The moment I opened the book, I was completely enchanted by the world McKinley had created and by the words she used to describe it. The centuries-old alliance between humans and pegasi, their complicated communications, binding rituals - all of it was so new, so unique, so detailed and well thought-through. And then the moment Ebon, the main character's Sylvi's bond-mate, entered the picture, I totally fell in love with this naughty, outspoken, mischievous pegasus. And the way MckKinley described Ebon tumbling into Sylvi's window, or spread his wings, or a tiny pegasus playing with Sylvi, it made me grin in delight. McKinley just has such a genius way with words, I can't explain it.

But (of course there is a but), as much as I loved the world building and gorgeous writing, it just wasn't enough for me. It wasn't that the book was light on plot, but like in all McKinley books, the plot was driven by the main character's internal struggles and growth. And again, it's fine by me, generally. I loved Harry's personal journey in "The Blue Sword," but that book was only 270 pages and "Pegasus" - 400 and only half of the story. I don't know about other readers, but I can enjoy luscious, descriptive and reflective writing for only so long, at about page 200 I want some action, and so happened here. By the middle of the book my attention started to waver and I began skimming a bit, trying to get to the end or at least some excitement faster. Basically, it seemed the narration got a little too indulgent. For what the plot was, the book was way too long. I could literally summarize the entire novel in one paragraph. I would have enjoyed it much more if the whole story only took one 300-page volume to tell.

I can see how "Pegasus"'s reviews can be all over the place. Fans of McKinley's writing and those who enjoy leisurely, slow paced quality of it, will love the novel, and rightfully so. Those who prefer books with more action and despise being left with no resolutions, will hate it. I am somewhere in the middle. At this point I am moderately interested to know how it all works out, but will I still be in 2014, when the sequel comes out?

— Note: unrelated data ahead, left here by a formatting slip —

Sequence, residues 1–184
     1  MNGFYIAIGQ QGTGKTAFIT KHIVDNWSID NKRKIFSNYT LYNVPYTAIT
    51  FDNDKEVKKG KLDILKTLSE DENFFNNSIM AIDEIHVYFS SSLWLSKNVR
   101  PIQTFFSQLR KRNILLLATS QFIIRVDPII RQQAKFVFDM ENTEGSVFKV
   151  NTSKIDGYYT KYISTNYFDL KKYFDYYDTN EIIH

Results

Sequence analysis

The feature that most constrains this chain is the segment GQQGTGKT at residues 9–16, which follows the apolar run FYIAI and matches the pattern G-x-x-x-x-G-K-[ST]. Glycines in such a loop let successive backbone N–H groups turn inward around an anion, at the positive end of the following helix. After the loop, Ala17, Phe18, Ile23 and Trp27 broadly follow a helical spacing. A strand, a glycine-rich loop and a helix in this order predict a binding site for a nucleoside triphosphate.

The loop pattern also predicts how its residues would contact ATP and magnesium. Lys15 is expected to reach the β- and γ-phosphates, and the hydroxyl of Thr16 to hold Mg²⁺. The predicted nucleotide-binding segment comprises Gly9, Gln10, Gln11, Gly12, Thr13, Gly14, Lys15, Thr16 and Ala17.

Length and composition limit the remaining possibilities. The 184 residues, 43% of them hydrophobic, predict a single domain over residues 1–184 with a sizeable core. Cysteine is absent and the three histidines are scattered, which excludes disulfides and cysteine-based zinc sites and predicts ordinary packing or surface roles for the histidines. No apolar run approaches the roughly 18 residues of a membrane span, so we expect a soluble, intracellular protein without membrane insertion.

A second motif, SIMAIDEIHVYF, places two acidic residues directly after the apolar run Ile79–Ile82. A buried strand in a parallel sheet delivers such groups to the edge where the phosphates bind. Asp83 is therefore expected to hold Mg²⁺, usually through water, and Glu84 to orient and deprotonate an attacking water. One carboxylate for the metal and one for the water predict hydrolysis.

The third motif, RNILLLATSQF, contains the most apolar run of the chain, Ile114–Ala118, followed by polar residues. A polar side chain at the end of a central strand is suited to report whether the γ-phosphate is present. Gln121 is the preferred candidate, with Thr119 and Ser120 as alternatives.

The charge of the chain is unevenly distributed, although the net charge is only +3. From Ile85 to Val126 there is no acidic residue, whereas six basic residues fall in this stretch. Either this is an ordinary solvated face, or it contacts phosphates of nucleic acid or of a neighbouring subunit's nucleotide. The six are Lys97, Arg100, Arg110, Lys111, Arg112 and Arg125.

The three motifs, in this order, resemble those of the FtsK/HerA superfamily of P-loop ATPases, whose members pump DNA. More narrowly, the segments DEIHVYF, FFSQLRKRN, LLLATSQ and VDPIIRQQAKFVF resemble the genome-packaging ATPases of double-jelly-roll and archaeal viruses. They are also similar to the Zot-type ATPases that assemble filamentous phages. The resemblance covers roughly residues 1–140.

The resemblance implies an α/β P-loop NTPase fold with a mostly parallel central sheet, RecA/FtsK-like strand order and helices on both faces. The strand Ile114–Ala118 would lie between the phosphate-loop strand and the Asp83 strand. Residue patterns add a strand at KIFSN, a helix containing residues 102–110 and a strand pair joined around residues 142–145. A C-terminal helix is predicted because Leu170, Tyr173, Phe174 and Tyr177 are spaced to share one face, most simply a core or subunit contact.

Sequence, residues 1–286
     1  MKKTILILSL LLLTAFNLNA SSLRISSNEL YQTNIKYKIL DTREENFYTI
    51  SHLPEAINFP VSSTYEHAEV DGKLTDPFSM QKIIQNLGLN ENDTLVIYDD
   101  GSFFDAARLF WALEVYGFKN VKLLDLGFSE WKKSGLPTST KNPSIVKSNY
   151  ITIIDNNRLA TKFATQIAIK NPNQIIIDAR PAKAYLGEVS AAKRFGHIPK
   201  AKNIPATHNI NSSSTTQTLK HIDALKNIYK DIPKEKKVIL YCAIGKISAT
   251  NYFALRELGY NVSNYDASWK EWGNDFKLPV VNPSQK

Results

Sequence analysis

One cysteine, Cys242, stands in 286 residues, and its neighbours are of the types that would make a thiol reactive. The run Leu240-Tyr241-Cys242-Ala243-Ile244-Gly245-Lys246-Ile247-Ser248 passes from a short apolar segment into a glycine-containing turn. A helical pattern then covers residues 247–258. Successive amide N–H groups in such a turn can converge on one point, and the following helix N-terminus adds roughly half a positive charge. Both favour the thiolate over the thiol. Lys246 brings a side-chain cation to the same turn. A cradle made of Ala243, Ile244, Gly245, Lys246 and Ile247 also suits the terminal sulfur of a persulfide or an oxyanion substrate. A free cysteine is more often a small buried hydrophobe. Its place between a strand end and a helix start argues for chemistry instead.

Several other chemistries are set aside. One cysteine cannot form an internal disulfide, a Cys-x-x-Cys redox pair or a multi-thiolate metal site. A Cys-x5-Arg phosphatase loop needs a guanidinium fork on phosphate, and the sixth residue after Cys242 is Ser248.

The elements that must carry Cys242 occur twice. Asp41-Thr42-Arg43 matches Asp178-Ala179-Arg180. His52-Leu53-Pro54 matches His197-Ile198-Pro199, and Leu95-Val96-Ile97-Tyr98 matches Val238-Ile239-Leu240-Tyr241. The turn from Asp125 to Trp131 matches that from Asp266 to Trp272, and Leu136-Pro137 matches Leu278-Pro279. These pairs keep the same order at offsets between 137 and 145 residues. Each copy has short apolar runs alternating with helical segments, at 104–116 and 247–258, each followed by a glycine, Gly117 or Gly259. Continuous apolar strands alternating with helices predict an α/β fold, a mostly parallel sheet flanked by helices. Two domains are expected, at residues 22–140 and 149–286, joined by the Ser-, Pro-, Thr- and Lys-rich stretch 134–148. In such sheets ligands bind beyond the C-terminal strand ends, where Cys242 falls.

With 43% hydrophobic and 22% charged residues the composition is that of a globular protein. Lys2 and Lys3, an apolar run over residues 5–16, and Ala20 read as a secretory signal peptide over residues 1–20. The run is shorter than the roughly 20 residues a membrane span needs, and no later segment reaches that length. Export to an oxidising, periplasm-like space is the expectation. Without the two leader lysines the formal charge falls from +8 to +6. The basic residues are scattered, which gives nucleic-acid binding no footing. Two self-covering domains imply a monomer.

31 of 32 people found the following review helpful
3.0 out of 5 stars Only Part One of a Two Part Book....? Nov. 25 2010
By FoxRunning - Published on
My husband recently got me "Pegasus", and I read it while recently sick in bed. It was a treat to have a book by the author of "Deerskin", and I read it avidly at first. But then,noticing that I was more than halfway through the book, and it was moving at an unusually slow pace, I began to wonder what was going on. When it came to the last chapter, I was totally bewildered and upset, feeling extremely cheated, and more than a little angry at Ms.McKinley to have written a book that ended with no ending. There is no notice anywhere in the book that it is supposed to be a two part book...normally when this is done, the author puts a snippet of the first chapter of the second book in after the last chapter, to show readers that the book is not intended to be a standalone. But for most buyers of this book, I bet they dont know this- I found out only by reading the reviews here.

A note to the publisher-*PLEASE* drag a few pages of the second book out of Ms McKinley, and add them to future printings, or you are going to lose buyers of both this and the second book. This one appears to the unwary reader to be a standalone, and it is *extremely* disappointing, taking away much of the joy the reader felt in following the tale of the princess and her bondbrother pegasus. It is a good book, but greatly flawed by this omission, and the incredible lag till the publication of the second one. In my opinion, she rushed this onto the shelves long before she should have...1012 is too distant a date for the next book from this one.
45 of 49 people found the following review helpful
5.0 out of 5 stars Pegaus (Part 1) Nov. 8 2010
By E. Bradley - Published on